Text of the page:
Ipswich Icons: We look at one of Ipswich’s best unused assets, the river
- Credit: Archant
John Norman looks at the river running through Ipswich and laments the opportunities not taken up
This week we’ll explore what is potentially one of Ipswich’s best unused assets: the river.
Not the Orwell downstream from Stoke Bridge, probably the most beautiful commercial river in the country, and not the Gipping upstream from Sproughton, where it passes through the peaceful countryside – where wildlife abounds and the remnants of its life as a canal are all around.
No, I’m talking of the river as it runs through Ipswich, the “Salt Water” as the tidal portion was called on old maps, and the freshwater above Handford Lock, under Yarmouth Road and beyond Boss Hall.
The tidal portion, still technically the Orwell, lost its charm and character as a result of the 1953 floods.
This surge was devastating to numerous places on the East Coast, notably Felixstowe, where the tide flooded Langer Road not by coming over the prom but by breaching within the port and flooding up the stream running through Langer Park.
The layout of the port has changed considerably since and this particular weakness is unlikely to breach again.
- 1 Revealed: The most popular Suffolk fish and chip shop
- 2 Explained: What the cost of living support package means for you
- 3 Goat dies and ponies injured after dog attack
- 4 Man was allegedly battered to death in Ipswich guest house, jury hears
- 5 What time will the Red Arrows be flying over Suffolk this weekend?
- 6 Revealed: The top serious crash hotspots in Ipswich
- 7 Cannabis dealer jailed after being caught with drugs in Range Rover
- 8 Two men steal pedal bike from outside Ipswich primary school
- 9 How it all unfolded, as Witches snatch dramatic victory
- 10 Did you stop for a pint in one of these Foxhall Road pubs?
Ipswich was also flooded, the tide overflowing the dock wall at St Peter’s Wharf, near Stoke Bridge, and flooding St Peter’s Street, Commercial Road and the property thereabouts.
It took some time but the preventative measure was to canalise the river (removing the meanders, mud banks and excessive vegetation on the banks) leaving a straight, free-flowing ditch where the tide could ebb and flow without hindrance, and the fluvial waters from upstream, the excessive run-off after heavy rain, could move straight out to sea without pausing to wet Ipswich’s low-lying streets.
The river wall was raised, from the open end of the New Cut to the weir in West End Road: the overall result an open channel between Stoke and the Sir Bobby Robson Bridge – a river that adds nothing to the ambience of the town.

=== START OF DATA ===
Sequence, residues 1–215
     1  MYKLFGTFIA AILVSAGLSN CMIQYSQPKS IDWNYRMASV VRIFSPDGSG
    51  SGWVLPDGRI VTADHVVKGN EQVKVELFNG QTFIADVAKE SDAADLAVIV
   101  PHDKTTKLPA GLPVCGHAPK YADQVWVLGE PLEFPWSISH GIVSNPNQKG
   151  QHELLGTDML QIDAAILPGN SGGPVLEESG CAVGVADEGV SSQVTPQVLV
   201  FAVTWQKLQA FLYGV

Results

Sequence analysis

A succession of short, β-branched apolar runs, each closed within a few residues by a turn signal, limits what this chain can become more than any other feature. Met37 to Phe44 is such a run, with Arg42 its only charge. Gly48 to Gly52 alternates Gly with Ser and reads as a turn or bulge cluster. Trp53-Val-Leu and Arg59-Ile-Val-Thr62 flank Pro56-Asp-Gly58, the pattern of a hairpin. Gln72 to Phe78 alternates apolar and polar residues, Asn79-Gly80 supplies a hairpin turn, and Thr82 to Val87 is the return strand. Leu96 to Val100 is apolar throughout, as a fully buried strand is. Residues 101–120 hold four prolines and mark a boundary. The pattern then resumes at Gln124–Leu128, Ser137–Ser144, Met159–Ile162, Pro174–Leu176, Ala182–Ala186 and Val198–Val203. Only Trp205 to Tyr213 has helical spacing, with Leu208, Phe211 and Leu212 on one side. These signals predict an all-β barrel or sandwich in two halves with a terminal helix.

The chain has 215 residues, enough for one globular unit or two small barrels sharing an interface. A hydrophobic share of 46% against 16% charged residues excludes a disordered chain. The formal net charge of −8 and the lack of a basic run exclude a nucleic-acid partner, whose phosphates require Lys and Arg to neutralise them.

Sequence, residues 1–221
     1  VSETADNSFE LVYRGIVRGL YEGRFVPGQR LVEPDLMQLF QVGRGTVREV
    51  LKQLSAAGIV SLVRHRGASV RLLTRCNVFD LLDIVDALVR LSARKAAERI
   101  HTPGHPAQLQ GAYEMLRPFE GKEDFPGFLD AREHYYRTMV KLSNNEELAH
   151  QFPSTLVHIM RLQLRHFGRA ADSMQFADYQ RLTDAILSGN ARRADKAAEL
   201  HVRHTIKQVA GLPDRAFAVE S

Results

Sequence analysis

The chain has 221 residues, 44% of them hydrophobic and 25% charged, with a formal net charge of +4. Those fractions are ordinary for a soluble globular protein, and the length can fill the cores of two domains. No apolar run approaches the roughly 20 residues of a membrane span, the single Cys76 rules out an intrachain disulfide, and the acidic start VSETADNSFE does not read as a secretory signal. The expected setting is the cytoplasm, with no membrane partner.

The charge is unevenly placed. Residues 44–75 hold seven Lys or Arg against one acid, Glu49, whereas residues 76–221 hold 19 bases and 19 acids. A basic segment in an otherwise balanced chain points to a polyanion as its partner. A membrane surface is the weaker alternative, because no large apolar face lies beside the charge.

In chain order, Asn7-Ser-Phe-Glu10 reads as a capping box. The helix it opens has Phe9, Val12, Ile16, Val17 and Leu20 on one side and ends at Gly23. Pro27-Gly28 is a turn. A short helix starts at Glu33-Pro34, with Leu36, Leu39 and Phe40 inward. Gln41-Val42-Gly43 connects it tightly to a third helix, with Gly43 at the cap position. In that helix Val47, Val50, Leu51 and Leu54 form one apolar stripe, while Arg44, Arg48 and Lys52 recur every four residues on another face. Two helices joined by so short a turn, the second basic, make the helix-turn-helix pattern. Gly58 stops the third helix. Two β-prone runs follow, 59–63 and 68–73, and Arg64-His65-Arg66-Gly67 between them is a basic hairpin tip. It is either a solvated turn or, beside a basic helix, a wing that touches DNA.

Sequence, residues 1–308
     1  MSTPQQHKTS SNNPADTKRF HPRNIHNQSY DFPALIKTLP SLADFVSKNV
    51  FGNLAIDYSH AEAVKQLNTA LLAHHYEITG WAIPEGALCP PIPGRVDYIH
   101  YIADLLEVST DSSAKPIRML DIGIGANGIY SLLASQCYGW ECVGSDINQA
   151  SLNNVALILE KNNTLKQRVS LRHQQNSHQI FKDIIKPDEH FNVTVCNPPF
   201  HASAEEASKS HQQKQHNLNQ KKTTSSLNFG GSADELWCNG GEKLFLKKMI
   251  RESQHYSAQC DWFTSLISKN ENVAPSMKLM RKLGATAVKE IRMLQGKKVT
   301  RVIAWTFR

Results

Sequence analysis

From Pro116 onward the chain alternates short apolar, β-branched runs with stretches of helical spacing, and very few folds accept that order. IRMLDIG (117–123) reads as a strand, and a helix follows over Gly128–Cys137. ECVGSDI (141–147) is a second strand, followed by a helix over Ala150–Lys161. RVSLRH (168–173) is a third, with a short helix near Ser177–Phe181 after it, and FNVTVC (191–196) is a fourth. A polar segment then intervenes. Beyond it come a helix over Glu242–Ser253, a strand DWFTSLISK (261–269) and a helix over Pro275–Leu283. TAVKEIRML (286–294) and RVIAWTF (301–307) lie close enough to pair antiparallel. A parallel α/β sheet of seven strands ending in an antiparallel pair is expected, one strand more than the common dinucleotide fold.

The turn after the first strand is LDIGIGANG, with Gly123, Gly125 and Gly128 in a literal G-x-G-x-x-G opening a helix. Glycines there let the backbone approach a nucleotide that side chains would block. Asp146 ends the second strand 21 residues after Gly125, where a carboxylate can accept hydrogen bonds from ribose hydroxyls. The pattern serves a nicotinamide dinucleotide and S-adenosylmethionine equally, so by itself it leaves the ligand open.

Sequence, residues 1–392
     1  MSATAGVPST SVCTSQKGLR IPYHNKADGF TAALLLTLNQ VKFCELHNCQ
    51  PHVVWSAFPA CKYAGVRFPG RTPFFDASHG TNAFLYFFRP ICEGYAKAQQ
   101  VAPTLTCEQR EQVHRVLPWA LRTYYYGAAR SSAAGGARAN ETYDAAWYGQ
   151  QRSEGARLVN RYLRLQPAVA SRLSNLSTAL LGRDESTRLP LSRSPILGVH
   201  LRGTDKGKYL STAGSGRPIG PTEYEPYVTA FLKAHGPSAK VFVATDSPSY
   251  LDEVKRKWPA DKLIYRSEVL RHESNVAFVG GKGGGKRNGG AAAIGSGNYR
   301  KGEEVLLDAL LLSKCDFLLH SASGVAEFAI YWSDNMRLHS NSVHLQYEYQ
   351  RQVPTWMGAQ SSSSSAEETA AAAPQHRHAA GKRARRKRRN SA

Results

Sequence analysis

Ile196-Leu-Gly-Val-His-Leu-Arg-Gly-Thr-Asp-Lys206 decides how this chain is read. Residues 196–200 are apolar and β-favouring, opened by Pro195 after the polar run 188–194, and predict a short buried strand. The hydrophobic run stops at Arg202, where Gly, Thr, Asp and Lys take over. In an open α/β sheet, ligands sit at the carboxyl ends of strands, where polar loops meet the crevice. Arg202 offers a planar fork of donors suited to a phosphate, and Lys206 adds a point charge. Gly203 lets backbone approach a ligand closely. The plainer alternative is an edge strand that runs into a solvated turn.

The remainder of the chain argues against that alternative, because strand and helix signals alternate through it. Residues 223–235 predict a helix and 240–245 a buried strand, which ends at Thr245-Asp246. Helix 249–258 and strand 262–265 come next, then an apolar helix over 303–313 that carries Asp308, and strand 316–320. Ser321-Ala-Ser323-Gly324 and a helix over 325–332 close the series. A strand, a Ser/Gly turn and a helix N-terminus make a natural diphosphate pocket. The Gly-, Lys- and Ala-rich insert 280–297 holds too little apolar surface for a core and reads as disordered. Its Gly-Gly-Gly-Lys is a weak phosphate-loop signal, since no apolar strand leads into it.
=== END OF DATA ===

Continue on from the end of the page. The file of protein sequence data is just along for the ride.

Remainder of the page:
Above Handford Lock (today a flood control barrier) the river maintains a reasonably constant level but fails to attract leisure users.
Where are the rowing boats, the kayaks, young boys building rafts from plastic barrels? Where is the rowing club, the sailing school or the wild water swimmers?
It wasn’t always thus. There is evidence of dinghy sailing being taught on the length of river under Yarmouth Road Bridge (which wasn’t built until the late 1920s) and a boat builder who hired out his craft from the back of his parents’ pub, the Royal William in London Road. The boat shed had been there since 1880.
Mr & Mrs Wright were the landlords; Gary, and later his son, the boat builders earning their crust by building floats for the seaplanes based at Felixstowe.
They also built air-sea rescue launches during the Second World War, a larger vessel than could comfortably be accommodated on the Gipping but essential off Felixstowe for access to seaplanes landing in Harwich Harbour.
There was also a boat shed tucked in close to Yarmouth Road Bridge, used for a time by the Sea Cadets whose local headquarters were here: Unit 195, T.S. Orwell, under the command of Chief Petty Officer Louise Cousins, RNVR. T.S. means (land-based) training ship and RNVR is the Royal Navy Volunteer Reserve, occupying a similar role to the Territorial Army, which is based in a larger compound diagonally opposite.
What is likely to change? Nothing. It’s all too expensive and risky; too great an investment for the possible return. In Grafton Way, on land that was reclaimed from the town’s marshes for use as the railway goods yard, planning permission has been granted for a mixed use scheme which includes hotels, flats and houses.
But the developer wants nothing to do with the river. The Environment Agency insists on a four-metre-wide access along the bank; thus the development will stand well back, the residents simply watching the tide disappear and the rusting shopping trolleys and discarded bicycles rear their ugly frames.
Marston’s built a pub on a key site: the Mermaid on the corner of London and Yarmouth roads. The outlook from the rear was onto the Gipping but they separated their pub from potential risk the river bank may pose.
Redevelopment of the sugar beet site will no doubt take the same attitude, a high fence separating the tow-path from the industrial estate: no additional costs in tidying up the river bank, improving the cycle route between Ipswich railway station and Sproughton, and no chance of a bridge to Hadleigh Road Industrial Estate.